A little while ago I found out about a fascinating community art project called Object Therapy being run by Canberra’s Fix and Make Workshop. In short, it invited members of the public to donate broken household objects for artists to transformatively repair. I submitted two “objects”, both of which were accepted. Interestingly, one was all about emotional connection, memory and sentimental value, and the other was all about raw beauty. They were…
A broken rocking horse.
My grandfather made this for me. I spent hours riding on it when I was a kid, and even as a teenager I treasured it and kept it in my bedroom. It’s not the most elegant or romantic version of a rocking horse you’ll ever see, but it was so much fun.
Add to that, it also doubled as a spaceship/racing car/motorbike if you turned it upside down and sat inside it.
And it wasn’t just me. My kids had a ball with this old thing. My daughter used to ride on it for hours at breakneck speed when she was tiny – barely two. There’s even a great story about how I lost the diamond out of the antique ring my partner gave me and she found it – embedded in the carpet under this rocking horse of all places.
It was well-loved and well-used for probably more than thirty years.
Perhaps that’s why the neck joint finally gave out and its head came off.
A box of broken crockery
I’m kind of a hoarder.
All these bits and pieces were just so beautiful, I couldn’t bear to think of them as just rubbish, so I put them in this huge old styrafoam box that once held seafood, and kept them for years. I think I was thinking one day I’d maybe make a mosaic or something out of them. In submitting them to Object Therapy, I was thinking maybe someone else could use this raw material to make something new and wonderful.
Fast forward a few months, and yesterday I got to be reunited with my objects! Just last week I got a little sneak peek of what happened to my crockery. It went to artist Halie Rubenis and I’m kind of in awe of the innovative approach she took to transforming the objects. I’ve only seen three of them (there are apparently a few more), but…wow. You can get your own preview on Halie’s instagram site. What blew my mind a bit was how she not only used the broken crockery in the artwork she produced, but also the styrafoam box and even the old plastic bags the bits of crockery were wrapped in.
I think the plate in this photo is my favourite. I love the contrast between the formal, almost prissy design of the old plate, and the organic jumble of coral-like growths (former styrafoam box!) now oozing out of the crack.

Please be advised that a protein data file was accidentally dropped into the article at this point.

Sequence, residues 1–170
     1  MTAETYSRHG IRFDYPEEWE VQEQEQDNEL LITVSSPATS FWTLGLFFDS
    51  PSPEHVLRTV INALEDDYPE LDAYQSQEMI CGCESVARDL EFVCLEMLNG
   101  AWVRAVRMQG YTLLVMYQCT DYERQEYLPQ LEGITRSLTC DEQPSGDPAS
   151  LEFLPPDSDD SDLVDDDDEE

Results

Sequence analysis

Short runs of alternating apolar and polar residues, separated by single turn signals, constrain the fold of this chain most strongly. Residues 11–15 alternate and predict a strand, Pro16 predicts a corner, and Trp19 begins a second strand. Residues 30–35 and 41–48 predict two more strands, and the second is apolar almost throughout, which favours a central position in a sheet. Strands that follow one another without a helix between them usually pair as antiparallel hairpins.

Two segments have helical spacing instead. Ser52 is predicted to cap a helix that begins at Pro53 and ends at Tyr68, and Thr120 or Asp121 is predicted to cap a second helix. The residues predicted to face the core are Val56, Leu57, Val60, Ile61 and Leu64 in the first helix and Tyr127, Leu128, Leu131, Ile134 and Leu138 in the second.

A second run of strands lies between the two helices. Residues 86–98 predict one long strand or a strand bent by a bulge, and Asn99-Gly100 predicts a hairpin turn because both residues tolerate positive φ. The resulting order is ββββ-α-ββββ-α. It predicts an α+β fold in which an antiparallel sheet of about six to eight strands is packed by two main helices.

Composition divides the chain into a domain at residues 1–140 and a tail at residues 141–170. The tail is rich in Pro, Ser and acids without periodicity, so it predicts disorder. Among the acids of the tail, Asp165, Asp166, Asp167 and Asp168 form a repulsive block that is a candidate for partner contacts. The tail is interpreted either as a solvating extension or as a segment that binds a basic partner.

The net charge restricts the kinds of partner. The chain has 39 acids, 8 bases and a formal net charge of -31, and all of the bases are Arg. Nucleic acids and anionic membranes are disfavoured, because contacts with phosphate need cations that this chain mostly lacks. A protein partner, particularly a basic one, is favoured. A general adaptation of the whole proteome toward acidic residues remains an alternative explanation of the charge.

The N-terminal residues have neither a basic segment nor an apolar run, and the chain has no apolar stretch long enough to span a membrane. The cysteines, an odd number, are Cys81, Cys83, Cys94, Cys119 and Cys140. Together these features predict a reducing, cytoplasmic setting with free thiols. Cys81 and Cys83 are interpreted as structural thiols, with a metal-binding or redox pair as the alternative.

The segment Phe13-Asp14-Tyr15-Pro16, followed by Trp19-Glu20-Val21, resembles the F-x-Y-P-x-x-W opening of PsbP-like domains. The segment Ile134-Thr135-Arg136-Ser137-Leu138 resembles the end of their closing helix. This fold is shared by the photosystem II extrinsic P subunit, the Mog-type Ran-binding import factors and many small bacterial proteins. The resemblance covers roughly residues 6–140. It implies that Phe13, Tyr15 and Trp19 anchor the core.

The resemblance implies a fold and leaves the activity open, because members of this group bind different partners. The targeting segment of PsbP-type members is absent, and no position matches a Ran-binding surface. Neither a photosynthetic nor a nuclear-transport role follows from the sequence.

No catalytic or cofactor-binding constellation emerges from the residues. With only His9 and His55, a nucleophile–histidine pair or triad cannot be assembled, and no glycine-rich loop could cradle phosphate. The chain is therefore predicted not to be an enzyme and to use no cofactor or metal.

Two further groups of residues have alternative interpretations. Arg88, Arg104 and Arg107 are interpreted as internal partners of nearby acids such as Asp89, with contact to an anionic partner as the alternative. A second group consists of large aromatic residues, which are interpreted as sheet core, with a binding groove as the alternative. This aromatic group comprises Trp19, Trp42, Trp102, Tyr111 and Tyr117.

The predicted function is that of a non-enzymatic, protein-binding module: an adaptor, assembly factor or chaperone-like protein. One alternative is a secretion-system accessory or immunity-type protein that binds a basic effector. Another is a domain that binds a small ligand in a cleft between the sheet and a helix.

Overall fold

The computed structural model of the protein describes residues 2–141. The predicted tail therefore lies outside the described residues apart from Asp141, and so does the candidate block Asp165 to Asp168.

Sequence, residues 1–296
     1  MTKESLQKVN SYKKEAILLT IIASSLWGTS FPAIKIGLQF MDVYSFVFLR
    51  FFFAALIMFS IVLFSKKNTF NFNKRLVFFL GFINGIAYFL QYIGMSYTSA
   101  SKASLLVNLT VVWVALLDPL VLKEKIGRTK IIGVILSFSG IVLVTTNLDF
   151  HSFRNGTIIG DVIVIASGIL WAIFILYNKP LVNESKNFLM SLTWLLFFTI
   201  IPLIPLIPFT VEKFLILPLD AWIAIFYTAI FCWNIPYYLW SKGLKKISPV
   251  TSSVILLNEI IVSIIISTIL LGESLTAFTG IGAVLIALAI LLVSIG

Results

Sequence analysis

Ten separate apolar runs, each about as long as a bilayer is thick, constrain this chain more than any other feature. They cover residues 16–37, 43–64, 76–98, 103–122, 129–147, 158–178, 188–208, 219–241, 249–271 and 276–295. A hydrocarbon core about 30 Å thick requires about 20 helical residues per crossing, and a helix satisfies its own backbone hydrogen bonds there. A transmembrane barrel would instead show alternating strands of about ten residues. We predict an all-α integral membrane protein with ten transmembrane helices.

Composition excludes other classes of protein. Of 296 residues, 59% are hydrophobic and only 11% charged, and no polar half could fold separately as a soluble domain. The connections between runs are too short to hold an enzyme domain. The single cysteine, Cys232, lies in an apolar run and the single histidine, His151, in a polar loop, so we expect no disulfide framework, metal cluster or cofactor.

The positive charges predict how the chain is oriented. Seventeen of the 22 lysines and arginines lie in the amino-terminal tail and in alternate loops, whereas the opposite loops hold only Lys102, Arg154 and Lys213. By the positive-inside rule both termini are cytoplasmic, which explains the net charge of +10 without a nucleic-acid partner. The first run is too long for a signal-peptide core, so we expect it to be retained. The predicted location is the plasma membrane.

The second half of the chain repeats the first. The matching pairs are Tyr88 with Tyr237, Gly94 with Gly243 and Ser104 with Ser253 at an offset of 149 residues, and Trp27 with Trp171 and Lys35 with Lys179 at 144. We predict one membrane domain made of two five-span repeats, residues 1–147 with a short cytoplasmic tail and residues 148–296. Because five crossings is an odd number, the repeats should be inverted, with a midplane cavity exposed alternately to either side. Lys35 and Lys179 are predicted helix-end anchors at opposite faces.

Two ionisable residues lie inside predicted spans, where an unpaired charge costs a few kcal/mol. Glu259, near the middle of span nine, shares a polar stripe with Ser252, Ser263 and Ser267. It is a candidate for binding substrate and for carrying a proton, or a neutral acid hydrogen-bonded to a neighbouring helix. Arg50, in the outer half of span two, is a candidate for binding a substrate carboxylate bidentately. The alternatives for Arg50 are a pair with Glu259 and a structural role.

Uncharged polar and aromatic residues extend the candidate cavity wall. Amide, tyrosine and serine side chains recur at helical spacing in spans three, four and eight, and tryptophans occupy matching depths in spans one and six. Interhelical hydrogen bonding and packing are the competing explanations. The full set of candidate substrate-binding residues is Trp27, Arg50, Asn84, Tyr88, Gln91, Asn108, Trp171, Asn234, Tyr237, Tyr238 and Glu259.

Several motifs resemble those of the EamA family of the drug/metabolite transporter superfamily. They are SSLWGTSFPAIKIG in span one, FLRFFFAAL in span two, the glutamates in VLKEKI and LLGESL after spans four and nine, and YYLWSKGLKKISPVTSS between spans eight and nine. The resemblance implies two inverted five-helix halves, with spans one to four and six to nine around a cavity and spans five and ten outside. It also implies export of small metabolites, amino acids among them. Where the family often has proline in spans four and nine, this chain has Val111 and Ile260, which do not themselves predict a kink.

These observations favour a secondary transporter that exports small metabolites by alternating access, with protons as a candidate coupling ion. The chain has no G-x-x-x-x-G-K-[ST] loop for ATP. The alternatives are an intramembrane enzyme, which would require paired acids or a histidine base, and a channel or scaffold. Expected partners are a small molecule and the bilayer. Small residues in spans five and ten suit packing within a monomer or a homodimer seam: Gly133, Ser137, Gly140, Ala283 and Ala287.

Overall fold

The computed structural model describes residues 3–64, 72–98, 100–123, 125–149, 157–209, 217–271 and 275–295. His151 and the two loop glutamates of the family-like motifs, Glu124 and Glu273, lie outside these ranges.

In addition to giving me the heady rush of contributing to the creation of new art, this project has also been extremely thought-provoking. In the reuniting interview, I got asked a lot of questions about how this project made me think about waste and recycling/reusing/repurposing, and also about whether how I valued the objects had changed. That value question is so hard to answer. It’s easy to look at a finished piece of art and value it for the materials gone into making it. The time and sheer human creativity and ingenuity that have gone into it are much harder to quantify. What do you count? The time working on the actual object? The time brainstorming (and weighing up, and discarding) ideas? The answer is, all of this counts, of course. But it can be hard to justify.
Which brings me to this thought-provoking video I saw at a conference earlier this year in a presentation all about valuing creativity.
And what about the rocking horse?
(It’s beautiful. It’s mended and whole and just stunning. And I’ll tell you all about it after the exhibition on 14 October at Hotel Hotel in Canberra.)
Channelling my inner tree
I haven’t had a whole lot of writing news to share lately, so here’s some stuff I did last weekend. Last Friday was my son’s primary school’s annual trivia night, and our table always goes pretty hard on the dress-up theme. This year the theme of the night was the Silver Screen, and our table chose to dress up as characters from the Wizard of Oz. We won best dressed table!